Nationalism And Protectionism In The Alibaba-Yahoo Dispute
- Posted by bbishop
- on May 15th, 2011
Alibaba Group CFO Joseph Tsai, speaking Saturday at the Alibaba.com shareholders meeting, revealed that Alibaba has told Yahoo it needs to sell down its stake because the government is unhappy with the level of foreign ownership in the company. As Bloomberg reports in “Alibaba Says Alipay Spinoff ‘Lawful’ After Yahoo’s Failed-Disclosure Claim“:
It’s “inappropriate” for Internet companies in China to have high foreign ownership given the increasing regulations on overseas investment rules in the industry, Alibaba Group Chief Financial Officer Joseph Tsai said at the meeting today. Alibaba has raised this issue with Yahoo, he said.
If Alibaba has a regulatory problem with foreign ownership then other Chinese Internet companies probably have issues too.
Tencent, arguably even more strategic than Aliababa given its QQ communications platform and payment service, is 35% owned by South Africa’s Naspers, and majority owned by foreigners when you include public shareholders. Renren, between its America CEO and foreign institutional investors, also has a very high level of foreign ownership. Those are just two examples of a long list of Chinese Internet companies with significant, and possibly majority, foreign ownership (see China’s Internet: The Invisible Birdcage and Internet May Be The Largest Industry In China Not Dominated By State-Owned Firms for longer discussions of foreign participation in the Chinese Internet.)
Is Alibaba signaling a government shift that may see many of the Chinese Internet firms forced to reduce foreign ownership? And if the government really is unhappy with foreign ownership in the Internet sector, why is it allowing so much foreign venture capital investment and so many overseas IPOs?
Or is Jack Ma using the threat of government displeasure to force Yahoo to sell, likely at a discount? Jack Ma cut a bad deal for Alibaba, he knows it, and he will use whatever plausible arguments he can to extricate Alibaba from the Yahoo deal.
My guess is that the government is unhappy that Jack Ma allowed his company to become 60%+ owned by American and Japanese firms but Alibaba is likely overstating the issue as a negotiating tactic, assuming, probably correctly, that Yahoo is so clueless that they will sell at a discount.
Shi Yuzhu, CEO of NYSE-listed Giant Interactive, added a nationalistic element to the debate last week. Shi, who is partners with Jack Ma in Yunfeng Capital, wrote on his Sina Weibo that if Yahoo is unwilling to sell down its stake then Jack Ma should be a “patriotic hooligan” and screw them:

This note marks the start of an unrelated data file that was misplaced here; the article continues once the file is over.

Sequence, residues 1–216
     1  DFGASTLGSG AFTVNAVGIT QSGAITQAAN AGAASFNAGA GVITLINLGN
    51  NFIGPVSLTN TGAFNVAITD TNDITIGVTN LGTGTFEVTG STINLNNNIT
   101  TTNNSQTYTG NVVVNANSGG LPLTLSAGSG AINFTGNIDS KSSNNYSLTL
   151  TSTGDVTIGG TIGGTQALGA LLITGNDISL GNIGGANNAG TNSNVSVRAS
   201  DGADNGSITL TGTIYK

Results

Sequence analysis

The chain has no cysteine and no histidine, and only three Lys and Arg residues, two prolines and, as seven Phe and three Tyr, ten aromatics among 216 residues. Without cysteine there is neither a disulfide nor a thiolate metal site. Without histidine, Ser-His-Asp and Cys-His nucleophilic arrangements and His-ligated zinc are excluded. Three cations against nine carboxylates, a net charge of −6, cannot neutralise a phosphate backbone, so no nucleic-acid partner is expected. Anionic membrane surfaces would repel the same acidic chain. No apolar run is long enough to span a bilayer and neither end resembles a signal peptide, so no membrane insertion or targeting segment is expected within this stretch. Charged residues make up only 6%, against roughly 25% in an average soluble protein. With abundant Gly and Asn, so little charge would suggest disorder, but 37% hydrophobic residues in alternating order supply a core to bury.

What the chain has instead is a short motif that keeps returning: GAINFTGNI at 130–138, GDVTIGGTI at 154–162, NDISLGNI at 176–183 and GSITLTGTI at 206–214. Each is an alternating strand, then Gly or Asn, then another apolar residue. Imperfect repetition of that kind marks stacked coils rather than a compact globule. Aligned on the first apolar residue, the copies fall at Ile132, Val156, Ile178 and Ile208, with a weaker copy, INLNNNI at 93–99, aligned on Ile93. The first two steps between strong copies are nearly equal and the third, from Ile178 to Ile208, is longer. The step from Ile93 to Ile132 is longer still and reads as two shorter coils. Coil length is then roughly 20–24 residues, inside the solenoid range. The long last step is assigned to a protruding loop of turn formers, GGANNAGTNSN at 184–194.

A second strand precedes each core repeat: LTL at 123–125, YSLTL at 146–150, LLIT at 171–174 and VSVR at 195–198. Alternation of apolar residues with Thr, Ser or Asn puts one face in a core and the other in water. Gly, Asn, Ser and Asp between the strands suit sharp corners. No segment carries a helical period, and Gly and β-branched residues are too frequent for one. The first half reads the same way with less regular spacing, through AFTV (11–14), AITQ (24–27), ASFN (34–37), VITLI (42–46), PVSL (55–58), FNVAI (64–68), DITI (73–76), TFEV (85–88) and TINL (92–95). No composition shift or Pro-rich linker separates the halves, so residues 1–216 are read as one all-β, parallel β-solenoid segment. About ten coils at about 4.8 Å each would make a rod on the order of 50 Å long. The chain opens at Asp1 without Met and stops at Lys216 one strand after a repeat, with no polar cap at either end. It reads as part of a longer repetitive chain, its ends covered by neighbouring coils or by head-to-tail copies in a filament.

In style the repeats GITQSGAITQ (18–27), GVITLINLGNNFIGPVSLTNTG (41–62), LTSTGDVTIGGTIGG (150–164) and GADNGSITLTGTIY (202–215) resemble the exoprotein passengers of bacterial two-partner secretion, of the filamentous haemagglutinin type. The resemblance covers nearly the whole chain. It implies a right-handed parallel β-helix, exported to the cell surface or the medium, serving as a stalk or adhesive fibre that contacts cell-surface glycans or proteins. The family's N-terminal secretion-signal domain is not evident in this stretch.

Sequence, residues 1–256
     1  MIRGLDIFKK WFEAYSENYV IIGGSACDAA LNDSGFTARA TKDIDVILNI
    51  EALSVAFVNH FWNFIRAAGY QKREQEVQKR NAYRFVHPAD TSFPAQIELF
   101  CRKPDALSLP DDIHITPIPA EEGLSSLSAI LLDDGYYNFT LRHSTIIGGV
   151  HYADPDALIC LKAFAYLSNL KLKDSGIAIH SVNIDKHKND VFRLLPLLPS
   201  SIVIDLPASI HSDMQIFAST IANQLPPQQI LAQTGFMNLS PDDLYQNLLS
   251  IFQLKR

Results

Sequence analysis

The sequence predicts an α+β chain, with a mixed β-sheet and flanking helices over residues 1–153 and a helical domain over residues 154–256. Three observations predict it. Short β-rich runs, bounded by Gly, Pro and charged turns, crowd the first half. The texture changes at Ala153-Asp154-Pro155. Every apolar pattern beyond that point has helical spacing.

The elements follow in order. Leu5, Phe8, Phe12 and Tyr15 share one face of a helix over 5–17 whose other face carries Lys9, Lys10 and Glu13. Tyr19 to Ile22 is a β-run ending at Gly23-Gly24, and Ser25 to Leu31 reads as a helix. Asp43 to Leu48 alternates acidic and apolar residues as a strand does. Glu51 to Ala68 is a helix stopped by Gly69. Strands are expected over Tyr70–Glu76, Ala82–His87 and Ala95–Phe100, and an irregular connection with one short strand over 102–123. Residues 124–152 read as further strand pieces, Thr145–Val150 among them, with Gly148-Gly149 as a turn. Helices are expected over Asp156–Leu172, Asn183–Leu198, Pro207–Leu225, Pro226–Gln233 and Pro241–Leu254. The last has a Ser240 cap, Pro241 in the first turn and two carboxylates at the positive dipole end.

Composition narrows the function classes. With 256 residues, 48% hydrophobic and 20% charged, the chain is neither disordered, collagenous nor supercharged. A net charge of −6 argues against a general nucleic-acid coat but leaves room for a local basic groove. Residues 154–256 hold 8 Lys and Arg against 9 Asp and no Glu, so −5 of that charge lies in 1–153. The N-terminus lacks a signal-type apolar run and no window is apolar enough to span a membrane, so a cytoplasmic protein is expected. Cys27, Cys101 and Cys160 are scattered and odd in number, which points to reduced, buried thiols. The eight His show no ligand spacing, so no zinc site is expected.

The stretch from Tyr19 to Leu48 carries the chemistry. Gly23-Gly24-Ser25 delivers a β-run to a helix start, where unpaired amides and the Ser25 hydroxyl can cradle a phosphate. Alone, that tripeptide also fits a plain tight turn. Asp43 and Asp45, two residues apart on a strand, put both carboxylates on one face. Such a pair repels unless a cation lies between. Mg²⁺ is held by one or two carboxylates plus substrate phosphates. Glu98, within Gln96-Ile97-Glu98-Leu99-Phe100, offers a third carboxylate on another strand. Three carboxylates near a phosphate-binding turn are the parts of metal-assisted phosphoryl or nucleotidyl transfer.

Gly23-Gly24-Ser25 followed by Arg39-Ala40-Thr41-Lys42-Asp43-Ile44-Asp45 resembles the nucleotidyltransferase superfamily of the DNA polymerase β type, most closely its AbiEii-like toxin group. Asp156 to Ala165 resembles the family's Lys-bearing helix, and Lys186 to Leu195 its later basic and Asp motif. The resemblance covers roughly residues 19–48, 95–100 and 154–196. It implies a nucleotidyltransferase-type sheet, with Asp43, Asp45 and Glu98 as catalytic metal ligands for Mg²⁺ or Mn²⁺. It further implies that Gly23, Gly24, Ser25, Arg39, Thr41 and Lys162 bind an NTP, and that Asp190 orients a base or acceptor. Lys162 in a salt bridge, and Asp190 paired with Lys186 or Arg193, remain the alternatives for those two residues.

“Congratulations on Alipay’s return to China. With an annual cash flow of 2000 billion yuan, if Alibaba’s major equity were still in the hands of Americans and Japanese, China’s national security would be affected. Now it’s the ideal time that we oblige Yahoo and Japan’s Softbank to sell part of their equity to the Chinese government and companies. If they don’t, we must act like heavy and ignore Yahoo and Softbank when there are new businesses. I recommend Jack Ma to be a patriotic hooligan.”
Foreign shareholders of Giant Interactive may not appreciate these sentiments from the CEO of their US-listed company.
Will investors cool on Chinese Internet stocks if they think nationalism and protectionism are increasing risk factors?
Full disclosure, I bought shares of Yahoo last week after the Alipay news broke.
The information in this blog post represents my own opinions and does not contain a recommendation for any particular security or investment. I or my affiliates may hold positions or other interests in securities mentioned in the Blog, please see my Disclaimer page for my full disclaimer.blog comments powered by Disqus
Bill Bishop is an American living in Beijing. He is bilingual and has experience working in both US and China. In 1997 he co-founded CBS MarketWatch and stayed until the sale in 2004 to Dow Jones. He was never a journalist, and instead worked in several business roles over the years, the last as head of the MarketWatch consumer Internet business. More »
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